Gossip makes the world go round, and we always want the stories of the gods. So biography prospers, and whatever’s between its covers, the big one is always a glossy commodity, further upmarket than most fiction. The hype for this one was noisy and predictable: excerpts, interviews and even reviews focusing on homosexual love-lives, Patrick White’s awful temper, and the detective-biographer’s own gripping adventures getting hold of 2500 letters. A magazine cover shows the author, companion and dog arranged in a pastoral trio in the Fifties. Towards an Australian Bloomsbury? There has to be more going on. It’s not enough to confirm the greatness of greatness; we want to know our business with the dead.
David Marr unfolds it, steadily, over seven hundred pages. The first vindication of his huge and wonderful book is that it offers ways into all of White’s work, uncovering materials which were taken up and transformed in the making of the novels, the stories and – not least – those dark, bizarre and often hilarious plays so long in want of new stagings. By making connections between experience and fiction, the book might well shift the obstacles to reading for those who still find the modernisms of, say, The Aunt’s Story and The Tree of Man too fractured and restless; and for those others, critics among them, who think White’s writing is pervaded by misanthropy and disgust. Those elements are there, in the life as in the work: but so, as Marr shows, were practicality and realism and resilience, the kind of humility and sense it took for White to find a path away from everything he had known up to his mid-thirties, make a simpler life with his lover, come to terms with his own difficult country, and write.
In an early chapter, the four-year-old Patrick finds magic and shelter in a huge tree in his parents’ garden: ‘The fleshy, spiked bunya bunya pine stood at the elbow of the gravel drive. One day the tiresome Mr Voss stood beside that tree to interrupt the Bonners on their way to a picnic. The fallen spikes, lying neglected on the gravel, caught Harry Courtney’s eye as he drove Hurtle Duffield to the door. Aunt Theo ... liked to joke that she had left her breath under the bunya bunya ...’ Patrick ‘wondered if paradise was somewhere in its branches, a thought that crossed the mind of the poet Le Mesurier as Voss’s party passed Aborigines heading out of the desert for the soft country where they could pick the bunya nuts’.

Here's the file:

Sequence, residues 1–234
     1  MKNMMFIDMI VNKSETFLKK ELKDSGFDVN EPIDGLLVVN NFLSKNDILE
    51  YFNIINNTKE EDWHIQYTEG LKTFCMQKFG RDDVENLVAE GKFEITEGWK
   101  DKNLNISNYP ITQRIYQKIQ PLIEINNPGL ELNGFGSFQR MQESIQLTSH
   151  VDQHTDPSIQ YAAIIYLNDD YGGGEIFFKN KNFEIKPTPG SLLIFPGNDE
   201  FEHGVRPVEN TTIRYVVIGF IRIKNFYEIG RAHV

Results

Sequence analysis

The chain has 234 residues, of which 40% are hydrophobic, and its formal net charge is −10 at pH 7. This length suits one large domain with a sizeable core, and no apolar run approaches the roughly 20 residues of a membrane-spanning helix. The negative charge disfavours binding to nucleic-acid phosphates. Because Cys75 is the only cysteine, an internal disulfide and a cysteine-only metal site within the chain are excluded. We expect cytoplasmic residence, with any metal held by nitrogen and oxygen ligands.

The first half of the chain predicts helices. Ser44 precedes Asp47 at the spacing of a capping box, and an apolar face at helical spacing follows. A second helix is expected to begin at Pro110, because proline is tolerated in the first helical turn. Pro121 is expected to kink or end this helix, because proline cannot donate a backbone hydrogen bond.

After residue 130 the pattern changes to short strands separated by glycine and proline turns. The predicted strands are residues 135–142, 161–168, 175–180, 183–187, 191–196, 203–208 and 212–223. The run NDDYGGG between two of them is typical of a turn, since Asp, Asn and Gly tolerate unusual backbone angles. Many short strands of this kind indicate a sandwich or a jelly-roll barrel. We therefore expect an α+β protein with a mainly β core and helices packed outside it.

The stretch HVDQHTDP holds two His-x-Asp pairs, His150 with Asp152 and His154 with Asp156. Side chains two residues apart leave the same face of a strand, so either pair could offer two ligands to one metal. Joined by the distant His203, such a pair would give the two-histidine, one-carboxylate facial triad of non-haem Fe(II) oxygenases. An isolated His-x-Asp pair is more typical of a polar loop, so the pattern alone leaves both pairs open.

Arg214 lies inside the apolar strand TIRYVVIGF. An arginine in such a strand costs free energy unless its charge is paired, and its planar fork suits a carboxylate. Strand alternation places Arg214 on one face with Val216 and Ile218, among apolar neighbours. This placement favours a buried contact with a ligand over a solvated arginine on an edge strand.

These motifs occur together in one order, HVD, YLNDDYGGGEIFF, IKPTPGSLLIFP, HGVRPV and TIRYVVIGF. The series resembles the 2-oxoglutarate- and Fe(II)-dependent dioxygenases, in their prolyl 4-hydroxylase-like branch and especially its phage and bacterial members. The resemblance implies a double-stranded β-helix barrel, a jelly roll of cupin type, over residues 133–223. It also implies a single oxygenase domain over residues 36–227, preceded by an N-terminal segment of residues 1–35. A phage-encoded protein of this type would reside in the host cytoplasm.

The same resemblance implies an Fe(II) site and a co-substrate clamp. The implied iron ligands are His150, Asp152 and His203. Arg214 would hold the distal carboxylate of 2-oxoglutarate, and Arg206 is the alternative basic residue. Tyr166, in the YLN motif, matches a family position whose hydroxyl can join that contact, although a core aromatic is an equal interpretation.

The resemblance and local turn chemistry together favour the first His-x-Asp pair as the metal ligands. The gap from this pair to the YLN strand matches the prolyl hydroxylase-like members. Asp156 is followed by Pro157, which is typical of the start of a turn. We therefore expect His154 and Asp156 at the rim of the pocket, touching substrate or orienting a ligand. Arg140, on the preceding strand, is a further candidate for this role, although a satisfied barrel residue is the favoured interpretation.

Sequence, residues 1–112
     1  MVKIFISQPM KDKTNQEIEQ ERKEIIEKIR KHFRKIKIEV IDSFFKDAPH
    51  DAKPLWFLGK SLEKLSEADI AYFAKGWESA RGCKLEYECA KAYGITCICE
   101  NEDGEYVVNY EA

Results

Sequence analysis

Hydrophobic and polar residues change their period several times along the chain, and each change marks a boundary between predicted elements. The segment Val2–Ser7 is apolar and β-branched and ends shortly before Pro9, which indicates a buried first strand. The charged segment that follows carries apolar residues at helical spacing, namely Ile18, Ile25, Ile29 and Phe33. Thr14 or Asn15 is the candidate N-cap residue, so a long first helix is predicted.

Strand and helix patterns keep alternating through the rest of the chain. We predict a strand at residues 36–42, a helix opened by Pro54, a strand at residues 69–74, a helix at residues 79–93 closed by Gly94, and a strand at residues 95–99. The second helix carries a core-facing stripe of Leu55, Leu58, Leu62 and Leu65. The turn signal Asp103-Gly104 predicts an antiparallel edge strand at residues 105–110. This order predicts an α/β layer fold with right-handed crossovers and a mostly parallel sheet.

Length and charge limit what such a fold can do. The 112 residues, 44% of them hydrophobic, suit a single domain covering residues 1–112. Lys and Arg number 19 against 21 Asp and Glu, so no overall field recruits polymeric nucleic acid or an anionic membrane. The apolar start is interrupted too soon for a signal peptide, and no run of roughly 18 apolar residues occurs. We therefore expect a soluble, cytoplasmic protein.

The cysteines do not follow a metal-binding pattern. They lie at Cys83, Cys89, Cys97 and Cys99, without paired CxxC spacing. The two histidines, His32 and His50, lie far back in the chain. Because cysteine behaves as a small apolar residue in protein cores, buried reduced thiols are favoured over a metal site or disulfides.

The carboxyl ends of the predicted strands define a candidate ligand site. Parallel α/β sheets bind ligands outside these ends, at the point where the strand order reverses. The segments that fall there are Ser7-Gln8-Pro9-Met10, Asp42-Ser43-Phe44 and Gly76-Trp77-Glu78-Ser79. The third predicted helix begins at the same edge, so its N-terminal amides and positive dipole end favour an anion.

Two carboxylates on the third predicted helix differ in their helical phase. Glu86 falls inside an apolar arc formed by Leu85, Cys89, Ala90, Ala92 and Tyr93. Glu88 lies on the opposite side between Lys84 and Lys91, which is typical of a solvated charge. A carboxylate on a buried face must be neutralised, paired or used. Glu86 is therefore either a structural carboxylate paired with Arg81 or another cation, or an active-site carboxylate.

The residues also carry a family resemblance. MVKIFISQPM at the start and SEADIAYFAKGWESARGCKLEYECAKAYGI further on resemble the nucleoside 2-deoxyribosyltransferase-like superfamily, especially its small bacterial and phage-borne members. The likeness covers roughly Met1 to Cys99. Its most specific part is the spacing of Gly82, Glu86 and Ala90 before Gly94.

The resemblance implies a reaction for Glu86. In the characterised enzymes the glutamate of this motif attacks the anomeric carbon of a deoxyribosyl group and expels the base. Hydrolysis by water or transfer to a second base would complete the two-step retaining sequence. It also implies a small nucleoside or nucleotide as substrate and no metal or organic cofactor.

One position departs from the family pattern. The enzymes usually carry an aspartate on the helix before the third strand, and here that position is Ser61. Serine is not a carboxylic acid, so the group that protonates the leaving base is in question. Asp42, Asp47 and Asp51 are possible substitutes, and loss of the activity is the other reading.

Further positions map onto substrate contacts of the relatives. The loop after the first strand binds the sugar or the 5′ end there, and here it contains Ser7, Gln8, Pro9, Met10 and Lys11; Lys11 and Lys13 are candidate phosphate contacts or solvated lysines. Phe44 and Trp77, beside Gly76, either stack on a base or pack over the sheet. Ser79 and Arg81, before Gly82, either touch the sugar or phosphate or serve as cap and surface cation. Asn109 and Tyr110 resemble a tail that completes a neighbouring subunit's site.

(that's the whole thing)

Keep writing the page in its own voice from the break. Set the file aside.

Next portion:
Here 1916 is put beside 1948 (The Aunt’s Story), 1957 (Voss) and 1970 (The Vivisector). The minutely-researched history functions as groundwork and structure; above it, Marr has made a great mosaic of the intersections between writing and life. None of White’s many styles bleed over into Marr’s, whose own prose is never less than lucidly, gracefully instrumental. It doesn’t go without saying: White has a whole population of imitators.
Marr chronicles habits of work (like tonnages of single-spacing on onion-skin), unfinished projects, more and less intelligent critical responses. He tells comic and dreadful stories of White’s adventures in the theatre in both Australia and Britain. He disproves the well-worn view that White received no recognition in Australia until New York and London had praised him: this was largely true of the academic establishment, but the Australian Literature Society gave its gold medal for Happy Valley in 1941, and several freelance writers were knowledgeably enthusiastic.
After that, Patrick White wrote at least six of the great modern and Modernist novels, with a stunning array of short fiction and drama. Marr has written of that whole life’s production – a writing life as strenuous, racked and self-questioning as any gaping aficionado of tortured genius might ask – in ways that support all the sensible things Barthes and Foucault ever said about the conditions and constraints of authorship. Not that Marr, who is a lawyer, an investigative journalist of distinction and a very good storyteller, invests in either theory or literary criticism: he has other fish to fry. He tracks the writing as activity and event, seen from outside. He shows how dependent White’s production was, not only on domestic stability and on adequate income from inherited wealth, but equally on adequate responses: from agents, publishers, go-betweens, critics, entrepreneurs.
With equal lucidity, he divorces the Nobel Prize from its myth of pure literary-ethical supremacy, adjudicated in monumental calm; he displays the intense micropolitics of the contest in a chapter which is at once solemn comedy and instructive cultural analysis. White was embarrassed, sceptical and delighted by the prize; he refused the grand moments in both Stockholm and Canberra and gave all the money away to found a prize for older and under-regarded Australian writers.
So you have the making of an Author, with a giant capital A. The famous name and the person could not have been more starkly, ludicrously separate. White, with all his curiosity, insight and love of performance, never wanted limelight for himself. He became a public man reluctantly, and every appearance through his sixties and seventies cost him in health and energy; he was chronically asthmatic, dependent on cortisone treatment.